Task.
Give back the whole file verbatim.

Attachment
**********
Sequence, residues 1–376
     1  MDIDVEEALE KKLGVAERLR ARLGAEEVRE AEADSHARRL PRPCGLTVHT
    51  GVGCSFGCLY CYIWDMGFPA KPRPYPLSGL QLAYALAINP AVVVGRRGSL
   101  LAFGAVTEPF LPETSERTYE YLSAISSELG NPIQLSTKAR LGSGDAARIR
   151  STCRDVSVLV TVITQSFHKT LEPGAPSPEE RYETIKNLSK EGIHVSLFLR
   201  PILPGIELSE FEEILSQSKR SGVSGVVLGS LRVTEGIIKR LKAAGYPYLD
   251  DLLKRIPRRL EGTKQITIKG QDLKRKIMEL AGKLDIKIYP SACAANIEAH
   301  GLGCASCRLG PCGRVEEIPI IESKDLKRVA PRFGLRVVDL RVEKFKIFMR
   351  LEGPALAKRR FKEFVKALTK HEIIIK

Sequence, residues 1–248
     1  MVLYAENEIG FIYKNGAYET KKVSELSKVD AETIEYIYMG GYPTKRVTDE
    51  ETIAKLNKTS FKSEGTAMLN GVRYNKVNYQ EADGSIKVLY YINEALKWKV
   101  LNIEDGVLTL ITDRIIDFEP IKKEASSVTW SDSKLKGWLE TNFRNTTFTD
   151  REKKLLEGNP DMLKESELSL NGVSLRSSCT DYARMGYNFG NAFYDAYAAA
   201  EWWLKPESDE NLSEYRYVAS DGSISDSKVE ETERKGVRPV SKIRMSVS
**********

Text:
Sequence, residues 1–376
     1  MDIDVEEALE KKLGVAERLR ARLGAEEVRE AEADSHARRL PRPCGLTVHT
    51  GVGCSFGCLY CYIWDMGFPA KPRPYPLSGL QLAYALAINP AVVVGRRGSL
   101  LAFGAVTEPF LPETSERTYE YLSAISSELG NPIQLSTKAR LGSGDAARIR
   151  STCRDVSVLV TVITQSFHKT LEPGAPSPEE RYETIKNLSK EGIHVSLFLR
   201  PILPGIELSE FEEILSQSKR SGVSGVVLGS LRVTEGIIKR LKAAGYPYLD
   251  DLLKRIPRRL EGTKQITIKG QDLKRKIMEL AGKLDIKIYP SACAANIEAH
   301  GLGCASCRLG PCGRVEEIPI IESKDLKRVA PRFGLRVVDL RVEKFKIFMR
   351  LEGPALAKRR FKEFVKALTK HEIIIK

Sequence, residues 1–248
     1  MVLYAENEIG FIYKNGAYET KKVSELSKVD AETIEYIYMG GYPTKRVTDE
    51  ETIAKLNKTS FKSEGTAMLN GVRYNKVNYQ EADGSIKVLY YINEALKWKV
   101  LNIEDGVLTL ITDRIIDFEP IKKEASSVTW SDSKLKGWLE TNFRNTTFTD
   151  REKKLLEGNP DMLKESELSL NGVSLRSSCT DYARMGYNFG NAFYDAYAAA
   201  EWWLKPESDE NLSEYRYVAS DGSISDSKVE ETERKGVRPV SKIRMSVS